You may have noticed the term 'intuitive eating' cropping up on blogs, websites, magazines, and podcasts lately. Maybe your young athlete even mentioned it as a nutritional approach they would like to try. While intuitive eating can be helpful for many people, it’s important to know that it has some limitations for the athletic population, especially those athletes who may struggle with disordered eating.
Here, TrueSport Expert Stephanie Miezin, MS, a registered dietitian and board-certified specialist in sports dietetics, explains some of the nuances around intuitive eating and its application for athletes.
1. Understand what intuitive eating means
The concept of intuitive eating is based on several key principles developed by its founders in the 1990s, and includes tenets like eating according to hunger, rejecting diet culture, making peace with food, and respecting your body. At a glance, it's a healthy way of looking at food and how your body is nourished. And while some dietitians and nutrition experts refer to intuitive eating exactly according to those principles, many people have started using the term 'intuitive eating' more generally as a way to describe being better able to listen to and understand signals from the body around hunger and fullness, says Miezin.
2. Intuitive eating can help an athlete learn about themself
For busy student-athletes, learning to feel 'full' and notice hunger cues can lead to a big improvement in how they eat and how they perform. Often, students are stuck in such a scheduled routine of eating at specific times based on class and training schedules that they don't pause to even ask if they are hungry. Tuning into feelings of hunger and fullness can help an athlete make sure they are eating enough before practice, and fueling adequately afterwards as well, says Miezin.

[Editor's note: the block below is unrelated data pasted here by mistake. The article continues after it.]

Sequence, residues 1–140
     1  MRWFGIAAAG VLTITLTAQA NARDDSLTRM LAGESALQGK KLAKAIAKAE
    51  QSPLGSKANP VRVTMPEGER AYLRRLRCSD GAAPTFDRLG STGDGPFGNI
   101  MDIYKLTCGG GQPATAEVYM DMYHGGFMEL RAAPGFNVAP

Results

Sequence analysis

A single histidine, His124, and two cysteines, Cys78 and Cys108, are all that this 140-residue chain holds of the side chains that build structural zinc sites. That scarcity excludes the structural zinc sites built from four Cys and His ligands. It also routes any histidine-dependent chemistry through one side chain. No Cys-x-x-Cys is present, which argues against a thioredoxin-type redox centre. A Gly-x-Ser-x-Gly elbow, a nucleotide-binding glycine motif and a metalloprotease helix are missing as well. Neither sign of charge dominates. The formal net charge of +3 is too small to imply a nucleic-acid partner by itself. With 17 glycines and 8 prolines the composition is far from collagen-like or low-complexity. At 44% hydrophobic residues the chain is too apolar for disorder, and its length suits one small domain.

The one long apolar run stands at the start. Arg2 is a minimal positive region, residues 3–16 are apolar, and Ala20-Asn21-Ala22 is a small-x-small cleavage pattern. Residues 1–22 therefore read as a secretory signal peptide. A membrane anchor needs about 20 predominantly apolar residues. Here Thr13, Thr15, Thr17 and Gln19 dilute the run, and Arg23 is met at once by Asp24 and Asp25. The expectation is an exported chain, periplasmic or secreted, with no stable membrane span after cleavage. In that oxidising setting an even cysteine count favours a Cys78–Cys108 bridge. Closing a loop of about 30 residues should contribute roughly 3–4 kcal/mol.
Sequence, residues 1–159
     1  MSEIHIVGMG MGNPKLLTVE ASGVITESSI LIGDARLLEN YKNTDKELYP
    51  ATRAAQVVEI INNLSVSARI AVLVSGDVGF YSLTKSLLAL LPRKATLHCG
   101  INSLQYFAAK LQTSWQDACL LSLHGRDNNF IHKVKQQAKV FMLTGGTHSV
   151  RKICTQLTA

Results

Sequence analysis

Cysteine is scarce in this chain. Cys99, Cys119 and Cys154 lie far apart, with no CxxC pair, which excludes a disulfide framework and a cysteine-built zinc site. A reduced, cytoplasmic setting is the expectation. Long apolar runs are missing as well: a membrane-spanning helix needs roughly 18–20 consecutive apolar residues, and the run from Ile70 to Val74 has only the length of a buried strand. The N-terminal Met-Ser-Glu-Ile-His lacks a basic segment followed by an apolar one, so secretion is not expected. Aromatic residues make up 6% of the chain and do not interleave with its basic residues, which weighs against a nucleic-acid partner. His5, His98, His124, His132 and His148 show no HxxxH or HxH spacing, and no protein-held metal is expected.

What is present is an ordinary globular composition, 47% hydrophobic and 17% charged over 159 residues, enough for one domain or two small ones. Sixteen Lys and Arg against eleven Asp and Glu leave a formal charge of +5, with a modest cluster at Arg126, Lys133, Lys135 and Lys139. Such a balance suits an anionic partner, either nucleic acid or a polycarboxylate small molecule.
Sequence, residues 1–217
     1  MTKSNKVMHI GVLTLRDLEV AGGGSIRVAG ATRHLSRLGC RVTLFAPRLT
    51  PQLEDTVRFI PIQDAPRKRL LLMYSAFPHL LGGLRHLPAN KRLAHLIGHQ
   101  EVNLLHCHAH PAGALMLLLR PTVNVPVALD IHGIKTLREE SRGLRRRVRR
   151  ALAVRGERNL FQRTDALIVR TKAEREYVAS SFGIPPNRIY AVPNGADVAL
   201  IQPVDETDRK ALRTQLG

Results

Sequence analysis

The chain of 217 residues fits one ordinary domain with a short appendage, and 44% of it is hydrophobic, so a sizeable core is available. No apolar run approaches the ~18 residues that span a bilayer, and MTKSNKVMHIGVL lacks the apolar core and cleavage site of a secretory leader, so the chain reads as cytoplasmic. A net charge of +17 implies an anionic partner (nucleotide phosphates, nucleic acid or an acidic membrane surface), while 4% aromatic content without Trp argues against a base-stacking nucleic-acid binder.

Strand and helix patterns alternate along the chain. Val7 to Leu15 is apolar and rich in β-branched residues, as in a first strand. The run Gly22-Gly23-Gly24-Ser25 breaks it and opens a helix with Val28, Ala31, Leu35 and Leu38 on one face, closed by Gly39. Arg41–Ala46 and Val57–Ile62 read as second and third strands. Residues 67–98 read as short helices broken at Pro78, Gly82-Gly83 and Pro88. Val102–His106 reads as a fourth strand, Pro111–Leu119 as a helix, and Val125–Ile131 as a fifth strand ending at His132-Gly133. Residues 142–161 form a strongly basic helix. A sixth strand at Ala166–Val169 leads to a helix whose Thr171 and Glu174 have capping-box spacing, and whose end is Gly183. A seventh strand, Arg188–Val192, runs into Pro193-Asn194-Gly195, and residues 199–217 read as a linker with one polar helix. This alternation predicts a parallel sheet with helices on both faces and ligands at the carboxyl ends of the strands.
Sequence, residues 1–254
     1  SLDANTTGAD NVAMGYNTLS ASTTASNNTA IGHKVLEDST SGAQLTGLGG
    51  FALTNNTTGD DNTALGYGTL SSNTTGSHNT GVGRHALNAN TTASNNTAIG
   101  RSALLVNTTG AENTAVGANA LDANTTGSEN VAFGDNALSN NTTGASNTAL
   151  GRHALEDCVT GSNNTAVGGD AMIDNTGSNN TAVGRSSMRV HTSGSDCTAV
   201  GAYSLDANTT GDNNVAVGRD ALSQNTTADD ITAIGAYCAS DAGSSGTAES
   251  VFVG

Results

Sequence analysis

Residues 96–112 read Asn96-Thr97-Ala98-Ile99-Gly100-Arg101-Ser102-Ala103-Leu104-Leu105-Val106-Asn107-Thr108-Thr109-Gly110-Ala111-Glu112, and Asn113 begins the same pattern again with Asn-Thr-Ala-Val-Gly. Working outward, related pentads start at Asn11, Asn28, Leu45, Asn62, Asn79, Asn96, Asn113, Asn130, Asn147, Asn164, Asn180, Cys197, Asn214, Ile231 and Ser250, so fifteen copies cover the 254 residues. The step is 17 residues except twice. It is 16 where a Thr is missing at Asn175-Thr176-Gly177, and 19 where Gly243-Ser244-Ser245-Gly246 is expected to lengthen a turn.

3. Intuitive eating can remove food guilt for some athletes
Often, athletes get information and misinformation from a variety of sources, and these pieces of nutrition intel can lead to skipping meals or avoiding former favorite foods. Leaning into intuitive eating can undo some of that misinformation that leads athletes to skip meals or avoid the hamburger in favor of a salad—even if what the athlete really wanted was the burger. "Intuitive eating means coming back to listening to our bodies and honoring what we feel like the body is telling us,” says Miezin. "Someone might employ intuitive eating at a restaurant, and if you feel as though you're hungry and want to eat the hamburger, you eat the hamburger without feeling any judgment attached to that."
4. Intuitive eating doesn't mean all junk food, all the time
One of the primary principles of intuitive eating is honoring your health as well as what your body is craving. This means even if a young athlete is constantly craving chips and soda, they try to prioritize their overall health over what the body 'wants' in the moment. Maybe a serving of chips is a part of a snack or lunch, but a turkey sandwich on whole wheat bread is going to be more filling and satisfying—and healthy.